For the first time since the 1950s, Montezuma County will have space for a museum, and this time, it is an entire building.
The Montezuma Heritage Museum will be at 35 S. Chestnut St., and is expected to open this winter, said Ann Brown, president of the Montezuma County Historical Society.
The 4,800-square-foot building was donated by the Montezuma County Board of Commissioners to the historical society under a no-charge lease. The historical society will be responsible for paying utilities of about $7,000 per year. The space was previously the home of county social services, which recently relocated to a larger office.
“It will be exciting to see this happen. A museum is something our community has needed for some time,” said commissioner Keenan Ertel.
The museum will include display areas, research and education rooms, a community meeting room and storage. The genealogy archive of the Montezuma County Daughters of the American Revolution will also have a space at the museum.
The single-floor building has energy-efficient geothermal heating and cooling system, accessible bathrooms and parking for visitors.
On Monday, the lease was signed, and the keys were handed over.
“We are so proud. Now we can tell the story of Montezuma County for locals and visitors,” Brown said. “It will be staffed by volunteers, and there will be a small fee to help cover expenses.”
The plan is to have a small store at the museum to sell locally made goods, books and memorabilia to help raise money for operations.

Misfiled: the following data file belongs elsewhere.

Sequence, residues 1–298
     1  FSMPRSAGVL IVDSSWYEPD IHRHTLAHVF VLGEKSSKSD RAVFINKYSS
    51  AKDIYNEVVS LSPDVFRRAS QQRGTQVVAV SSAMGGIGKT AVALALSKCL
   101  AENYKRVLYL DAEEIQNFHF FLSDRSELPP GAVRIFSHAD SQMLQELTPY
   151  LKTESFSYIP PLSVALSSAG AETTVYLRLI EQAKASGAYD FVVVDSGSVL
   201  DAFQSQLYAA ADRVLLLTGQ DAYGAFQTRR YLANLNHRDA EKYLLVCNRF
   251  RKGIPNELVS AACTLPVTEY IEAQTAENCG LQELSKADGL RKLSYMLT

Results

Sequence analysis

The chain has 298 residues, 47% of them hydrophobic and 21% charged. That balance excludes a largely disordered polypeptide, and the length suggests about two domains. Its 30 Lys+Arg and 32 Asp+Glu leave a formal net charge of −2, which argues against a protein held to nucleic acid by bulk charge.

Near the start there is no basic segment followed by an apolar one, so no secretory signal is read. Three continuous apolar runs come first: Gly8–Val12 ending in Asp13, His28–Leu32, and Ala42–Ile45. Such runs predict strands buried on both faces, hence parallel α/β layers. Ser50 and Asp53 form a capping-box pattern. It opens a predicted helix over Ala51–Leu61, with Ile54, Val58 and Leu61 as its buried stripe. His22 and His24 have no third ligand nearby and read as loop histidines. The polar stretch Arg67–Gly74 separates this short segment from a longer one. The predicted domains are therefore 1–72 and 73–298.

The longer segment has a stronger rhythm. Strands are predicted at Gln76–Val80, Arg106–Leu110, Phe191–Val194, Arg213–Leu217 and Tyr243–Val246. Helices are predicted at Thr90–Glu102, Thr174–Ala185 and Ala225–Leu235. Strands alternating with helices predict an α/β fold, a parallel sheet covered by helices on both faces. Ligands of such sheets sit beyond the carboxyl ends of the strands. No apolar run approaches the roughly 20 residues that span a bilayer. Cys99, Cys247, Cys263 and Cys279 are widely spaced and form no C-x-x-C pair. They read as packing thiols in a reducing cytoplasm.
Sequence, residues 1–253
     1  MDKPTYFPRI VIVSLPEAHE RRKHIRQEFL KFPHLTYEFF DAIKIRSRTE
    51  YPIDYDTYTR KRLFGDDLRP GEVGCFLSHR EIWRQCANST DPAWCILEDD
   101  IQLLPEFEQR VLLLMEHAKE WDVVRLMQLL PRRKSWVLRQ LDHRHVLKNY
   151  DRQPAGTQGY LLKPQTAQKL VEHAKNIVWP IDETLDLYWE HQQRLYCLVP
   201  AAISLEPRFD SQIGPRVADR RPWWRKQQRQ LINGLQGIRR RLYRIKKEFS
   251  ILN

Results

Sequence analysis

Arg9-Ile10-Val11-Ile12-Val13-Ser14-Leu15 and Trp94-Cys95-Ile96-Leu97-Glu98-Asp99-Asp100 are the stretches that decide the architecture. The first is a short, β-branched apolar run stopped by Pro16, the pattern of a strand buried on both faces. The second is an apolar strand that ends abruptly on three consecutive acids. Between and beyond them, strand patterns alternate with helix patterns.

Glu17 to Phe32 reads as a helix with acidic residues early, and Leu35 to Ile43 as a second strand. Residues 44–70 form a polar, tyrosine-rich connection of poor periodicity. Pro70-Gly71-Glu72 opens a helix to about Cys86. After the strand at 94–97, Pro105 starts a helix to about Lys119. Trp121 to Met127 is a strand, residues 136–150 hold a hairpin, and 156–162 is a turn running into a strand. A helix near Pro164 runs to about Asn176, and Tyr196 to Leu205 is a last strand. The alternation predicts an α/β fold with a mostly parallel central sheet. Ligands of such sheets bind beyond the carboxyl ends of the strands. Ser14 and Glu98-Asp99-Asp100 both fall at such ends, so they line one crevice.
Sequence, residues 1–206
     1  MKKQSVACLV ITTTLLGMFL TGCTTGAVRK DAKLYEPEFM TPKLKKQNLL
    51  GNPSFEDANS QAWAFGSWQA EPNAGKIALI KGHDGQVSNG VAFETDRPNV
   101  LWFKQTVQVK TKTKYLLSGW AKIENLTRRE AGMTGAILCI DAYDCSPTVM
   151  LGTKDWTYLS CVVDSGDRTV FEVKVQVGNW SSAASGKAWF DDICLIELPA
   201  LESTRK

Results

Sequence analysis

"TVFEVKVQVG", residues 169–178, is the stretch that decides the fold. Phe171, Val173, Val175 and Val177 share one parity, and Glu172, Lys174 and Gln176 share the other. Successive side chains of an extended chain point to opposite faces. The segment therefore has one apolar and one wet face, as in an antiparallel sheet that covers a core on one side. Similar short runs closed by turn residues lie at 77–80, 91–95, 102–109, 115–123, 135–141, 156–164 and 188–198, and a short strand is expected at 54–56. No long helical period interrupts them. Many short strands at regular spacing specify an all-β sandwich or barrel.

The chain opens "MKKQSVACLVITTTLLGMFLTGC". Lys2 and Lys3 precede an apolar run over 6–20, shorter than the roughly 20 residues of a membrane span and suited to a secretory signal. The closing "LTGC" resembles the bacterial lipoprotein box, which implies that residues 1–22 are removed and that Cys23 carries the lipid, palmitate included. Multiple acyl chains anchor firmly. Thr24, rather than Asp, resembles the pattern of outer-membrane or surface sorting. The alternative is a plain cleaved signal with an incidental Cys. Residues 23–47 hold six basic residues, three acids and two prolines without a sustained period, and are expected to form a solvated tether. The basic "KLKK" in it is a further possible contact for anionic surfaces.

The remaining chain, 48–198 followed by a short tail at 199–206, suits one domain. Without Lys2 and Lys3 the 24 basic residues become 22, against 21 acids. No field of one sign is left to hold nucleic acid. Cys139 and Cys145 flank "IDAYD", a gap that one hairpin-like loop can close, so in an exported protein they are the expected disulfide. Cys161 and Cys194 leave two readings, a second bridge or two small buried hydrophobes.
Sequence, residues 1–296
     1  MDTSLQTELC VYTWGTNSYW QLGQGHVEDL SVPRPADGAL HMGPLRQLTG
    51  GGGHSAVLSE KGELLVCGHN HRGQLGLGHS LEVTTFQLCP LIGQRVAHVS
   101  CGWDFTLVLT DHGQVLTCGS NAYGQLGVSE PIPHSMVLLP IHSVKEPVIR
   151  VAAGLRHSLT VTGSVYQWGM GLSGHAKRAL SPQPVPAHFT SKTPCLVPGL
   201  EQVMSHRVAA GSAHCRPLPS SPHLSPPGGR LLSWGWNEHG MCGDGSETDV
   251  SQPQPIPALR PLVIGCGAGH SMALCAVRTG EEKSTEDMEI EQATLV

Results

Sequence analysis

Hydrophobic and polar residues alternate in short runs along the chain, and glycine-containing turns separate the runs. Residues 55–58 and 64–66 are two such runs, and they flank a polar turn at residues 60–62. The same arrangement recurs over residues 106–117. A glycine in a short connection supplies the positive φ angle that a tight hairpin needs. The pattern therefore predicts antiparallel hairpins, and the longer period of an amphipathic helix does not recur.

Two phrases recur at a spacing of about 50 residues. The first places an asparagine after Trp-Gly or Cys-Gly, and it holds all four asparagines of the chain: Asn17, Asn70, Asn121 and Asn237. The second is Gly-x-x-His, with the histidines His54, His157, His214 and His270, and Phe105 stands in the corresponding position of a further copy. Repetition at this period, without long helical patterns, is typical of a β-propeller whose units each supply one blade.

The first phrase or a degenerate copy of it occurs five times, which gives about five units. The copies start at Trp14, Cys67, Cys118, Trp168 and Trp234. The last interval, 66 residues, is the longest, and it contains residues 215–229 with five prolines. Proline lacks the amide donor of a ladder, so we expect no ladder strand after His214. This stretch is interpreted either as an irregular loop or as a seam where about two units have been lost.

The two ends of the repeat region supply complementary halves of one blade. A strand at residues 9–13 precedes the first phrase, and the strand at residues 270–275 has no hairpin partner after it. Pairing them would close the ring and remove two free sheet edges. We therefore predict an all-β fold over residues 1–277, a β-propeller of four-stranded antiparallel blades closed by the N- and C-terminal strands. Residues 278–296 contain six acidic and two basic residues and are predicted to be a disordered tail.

The historical society will seek grants to help pay for operations and do renovations. Local fundraising has improved since the announcement was made about the new location.
“The community has stepped up,” Brown said.
A capital campaign and outreach program are being planned to help finance the museum long-term. A community dinner will be held in August to raise money and gather local input on what people would like to see displayed in the museum. A date is pending.
The museum will feature the history of the cultures and groups of the area, including the Ute Mountain Utes, pioneers and Hispanics. The region’s agriculture, logging, mining and irrigation, railroad history will also be highlighted.
The county’s historic collection currently is being stored at the Lake Vista Grange Hall. Volunteers, curators and archivists have been sorting and cataloging the collection in preparation for display.
“We’re also gathering collections and display cases spread out around the county,” said curator Joyce Lawrence.
Some of the stored historical items include an 1890s horse-drawn seed planter, a huge bellows from a blacksmith shop and a wooden World War II propeller. There are classic farm relics, original maps, dinosaur fossils, historic war memorabilia and an old Victrola.
The collection include volumes of old photos, relics, and documents of Montezuma County history. There are family and business histories, newspaper archives and pioneer innovations such as a button-maker and early electric washing machine. The collection also has artifacts from the Ancestral Puebloans, including pots, metates, manos and arrowheads.
The historical society board meets the second Tuesday of every month. The next meeting will be held at the new museum location on July 10 at 11:30 a.m.. For more information, visit the historical society website at www.historicalsocietymontezuma.org or call Ann Brown at 970-565-2747.